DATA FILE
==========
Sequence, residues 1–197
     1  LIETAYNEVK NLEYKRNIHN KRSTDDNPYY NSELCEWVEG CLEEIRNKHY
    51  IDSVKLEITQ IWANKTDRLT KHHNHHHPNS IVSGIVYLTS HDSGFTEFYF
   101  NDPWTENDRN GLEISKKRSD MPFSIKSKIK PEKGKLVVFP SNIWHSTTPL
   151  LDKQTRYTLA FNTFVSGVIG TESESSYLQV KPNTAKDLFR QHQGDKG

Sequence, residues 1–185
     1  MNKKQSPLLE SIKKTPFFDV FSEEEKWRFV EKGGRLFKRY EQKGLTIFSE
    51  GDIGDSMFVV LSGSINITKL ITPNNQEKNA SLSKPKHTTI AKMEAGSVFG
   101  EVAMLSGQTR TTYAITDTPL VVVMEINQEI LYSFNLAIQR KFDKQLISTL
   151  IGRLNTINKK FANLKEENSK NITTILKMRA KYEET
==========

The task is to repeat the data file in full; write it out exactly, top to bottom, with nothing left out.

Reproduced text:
Sequence, residues 1–197
     1  LIETAYNEVK NLEYKRNIHN KRSTDDNPYY NSELCEWVEG CLEEIRNKHY
    51  IDSVKLEITQ IWANKTDRLT KHHNHHHPNS IVSGIVYLTS HDSGFTEFYF
   101  NDPWTENDRN GLEISKKRSD MPFSIKSKIK PEKGKLVVFP SNIWHSTTPL
   151  LDKQTRYTLA FNTFVSGVIG TESESSYLQV KPNTAKDLFR QHQGDKG

Sequence, residues 1–185
     1  MNKKQSPLLE SIKKTPFFDV FSEEEKWRFV EKGGRLFKRY EQKGLTIFSE
    51  GDIGDSMFVV LSGSINITKL ITPNNQEKNA SLSKPKHTTI AKMEAGSVFG
   101  EVAMLSGQTR TTYAITDTPL VVVMEINQEI LYSFNLAIQR KFDKQLISTL
   151  IGRLNTINKK FANLKEENSK NITTILKMRA KYEET